Gold prices fell on Thursday, as prospects of a hike in US interest rates and a weak outlook for global economic growth strengthened the dollar.
On Wednesday, spot gold was down 0.3% at $1,653.79 an ounce as of 0404 GMT, after rising nearly 2% in its biggest daily gain since March. US gold futures slipped 0.5% to $1,662.40.
“The strong US dollar is putting pressure … the market is seeking certainty and stability that appears to be in short supply lately,” said Michael Langford, director of corporate advisory firm Airguide.
“We expect gold to stage a relief rally towards $1,680/oz without any further updates or market events.”
The dollar index advanced 0.2%, buoyed by renewed pressure on the pound, moving towards recent 20-year highs. Benchmark 10-year yields were also inching towards their recent multi-year peak.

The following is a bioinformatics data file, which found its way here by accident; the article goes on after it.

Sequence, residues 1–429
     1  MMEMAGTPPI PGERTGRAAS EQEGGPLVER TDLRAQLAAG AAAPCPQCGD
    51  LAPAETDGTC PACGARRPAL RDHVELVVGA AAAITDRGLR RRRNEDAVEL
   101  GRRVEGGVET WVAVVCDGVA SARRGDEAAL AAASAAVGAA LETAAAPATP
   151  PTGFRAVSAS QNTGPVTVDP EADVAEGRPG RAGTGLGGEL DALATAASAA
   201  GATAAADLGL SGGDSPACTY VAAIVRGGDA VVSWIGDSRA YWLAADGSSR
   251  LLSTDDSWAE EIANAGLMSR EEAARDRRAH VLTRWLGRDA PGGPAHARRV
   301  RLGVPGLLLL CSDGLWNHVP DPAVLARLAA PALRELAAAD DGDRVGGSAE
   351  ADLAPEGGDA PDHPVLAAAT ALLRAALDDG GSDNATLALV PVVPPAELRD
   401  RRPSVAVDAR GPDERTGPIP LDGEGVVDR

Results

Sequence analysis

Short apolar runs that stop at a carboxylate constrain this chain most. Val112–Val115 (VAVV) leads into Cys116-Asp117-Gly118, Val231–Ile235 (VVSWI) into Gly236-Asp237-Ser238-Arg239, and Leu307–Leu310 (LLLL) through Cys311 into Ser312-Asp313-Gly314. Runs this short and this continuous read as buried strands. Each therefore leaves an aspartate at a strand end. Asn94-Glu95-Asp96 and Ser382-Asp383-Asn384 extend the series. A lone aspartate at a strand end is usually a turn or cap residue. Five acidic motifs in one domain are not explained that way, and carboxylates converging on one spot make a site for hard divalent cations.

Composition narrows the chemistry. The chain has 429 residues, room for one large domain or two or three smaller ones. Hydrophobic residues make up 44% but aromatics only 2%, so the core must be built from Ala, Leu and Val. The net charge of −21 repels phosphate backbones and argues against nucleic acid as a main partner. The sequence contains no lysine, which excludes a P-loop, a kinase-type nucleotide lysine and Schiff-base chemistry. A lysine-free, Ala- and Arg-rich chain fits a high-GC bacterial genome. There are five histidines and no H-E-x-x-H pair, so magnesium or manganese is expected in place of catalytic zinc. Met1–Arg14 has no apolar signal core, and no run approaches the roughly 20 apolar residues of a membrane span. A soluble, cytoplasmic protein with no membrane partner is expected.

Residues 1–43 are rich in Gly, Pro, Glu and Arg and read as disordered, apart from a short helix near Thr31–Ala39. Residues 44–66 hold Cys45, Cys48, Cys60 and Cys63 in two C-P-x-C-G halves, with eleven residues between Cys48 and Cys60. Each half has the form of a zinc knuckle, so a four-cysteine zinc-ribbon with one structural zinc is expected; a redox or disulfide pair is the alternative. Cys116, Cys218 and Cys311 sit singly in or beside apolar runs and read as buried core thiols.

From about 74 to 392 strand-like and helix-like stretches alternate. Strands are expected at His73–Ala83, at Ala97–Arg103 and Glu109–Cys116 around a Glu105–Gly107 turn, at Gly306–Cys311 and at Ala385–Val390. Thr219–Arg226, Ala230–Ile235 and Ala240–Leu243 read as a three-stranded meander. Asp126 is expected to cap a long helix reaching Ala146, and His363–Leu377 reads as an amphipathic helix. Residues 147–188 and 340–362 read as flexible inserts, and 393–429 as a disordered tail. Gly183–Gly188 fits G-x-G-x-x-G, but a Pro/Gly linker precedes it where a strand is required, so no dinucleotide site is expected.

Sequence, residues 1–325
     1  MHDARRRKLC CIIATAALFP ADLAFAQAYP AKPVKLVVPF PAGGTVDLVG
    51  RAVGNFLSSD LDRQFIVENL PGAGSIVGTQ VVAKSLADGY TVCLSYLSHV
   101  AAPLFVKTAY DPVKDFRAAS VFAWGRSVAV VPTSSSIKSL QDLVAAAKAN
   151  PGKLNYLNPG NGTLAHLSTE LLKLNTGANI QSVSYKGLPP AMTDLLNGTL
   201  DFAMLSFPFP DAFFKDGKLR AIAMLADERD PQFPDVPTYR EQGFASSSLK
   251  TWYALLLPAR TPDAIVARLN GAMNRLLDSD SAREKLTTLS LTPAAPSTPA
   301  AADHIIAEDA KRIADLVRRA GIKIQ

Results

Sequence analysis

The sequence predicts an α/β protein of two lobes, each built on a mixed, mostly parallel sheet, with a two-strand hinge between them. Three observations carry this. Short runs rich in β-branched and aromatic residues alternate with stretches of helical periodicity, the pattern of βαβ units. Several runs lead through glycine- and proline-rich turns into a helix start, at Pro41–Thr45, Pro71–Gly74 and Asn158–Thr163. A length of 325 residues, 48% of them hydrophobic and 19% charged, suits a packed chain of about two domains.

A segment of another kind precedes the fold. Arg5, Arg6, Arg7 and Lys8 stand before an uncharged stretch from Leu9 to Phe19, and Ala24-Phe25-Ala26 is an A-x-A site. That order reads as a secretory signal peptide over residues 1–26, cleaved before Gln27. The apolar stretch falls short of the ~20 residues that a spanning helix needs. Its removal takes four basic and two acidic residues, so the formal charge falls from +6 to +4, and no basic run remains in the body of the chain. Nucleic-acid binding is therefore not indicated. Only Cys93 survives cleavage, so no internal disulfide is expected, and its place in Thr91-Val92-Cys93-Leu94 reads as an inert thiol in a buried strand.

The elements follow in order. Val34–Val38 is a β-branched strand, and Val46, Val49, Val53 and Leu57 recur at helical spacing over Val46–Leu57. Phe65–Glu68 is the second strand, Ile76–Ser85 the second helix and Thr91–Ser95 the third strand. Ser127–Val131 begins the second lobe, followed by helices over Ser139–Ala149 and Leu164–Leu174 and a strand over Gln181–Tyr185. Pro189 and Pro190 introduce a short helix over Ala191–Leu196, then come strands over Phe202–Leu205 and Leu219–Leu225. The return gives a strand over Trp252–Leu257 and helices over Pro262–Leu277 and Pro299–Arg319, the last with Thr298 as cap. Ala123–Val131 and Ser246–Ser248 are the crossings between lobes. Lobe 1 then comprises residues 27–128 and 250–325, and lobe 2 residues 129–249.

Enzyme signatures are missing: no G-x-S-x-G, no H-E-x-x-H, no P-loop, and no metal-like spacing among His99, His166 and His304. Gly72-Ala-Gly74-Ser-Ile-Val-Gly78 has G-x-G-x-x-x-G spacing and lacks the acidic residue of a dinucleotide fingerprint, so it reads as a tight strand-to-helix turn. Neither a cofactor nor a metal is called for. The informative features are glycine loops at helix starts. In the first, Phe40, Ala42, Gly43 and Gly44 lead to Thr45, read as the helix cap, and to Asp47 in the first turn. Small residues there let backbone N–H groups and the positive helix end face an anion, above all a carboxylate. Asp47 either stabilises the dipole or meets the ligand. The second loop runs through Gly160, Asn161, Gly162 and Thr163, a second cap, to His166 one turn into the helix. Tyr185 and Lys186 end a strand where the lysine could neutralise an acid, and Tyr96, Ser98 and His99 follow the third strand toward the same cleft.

Gold is traditionally viewed as a hedge against inflation and economic turmoil, but its price has fallen 20% since rising above the key $2,000 an ounce level in March, as a bullish US Rate increases reduce the appeal of the non-yield metal.
Peter Fung, Head of Dealing at Wing Fung Precious Metals, said that high rates coupled with frequent outflows from ETFs (exchange traded funds) are driving investors towards the dollar instead of gold.
Atlanta Fed Chairman Rafael Boustik said on Wednesday that his baseline outlook is for the US central bank to increase by three-quarters of a percentage point in November’s policy meeting and half a percentage point in December.
Spot silver fell 0.7% to $18.76 an ounce, platinum fell 1% to $855.10 and palladium fell 1.24% to $2,128.51.
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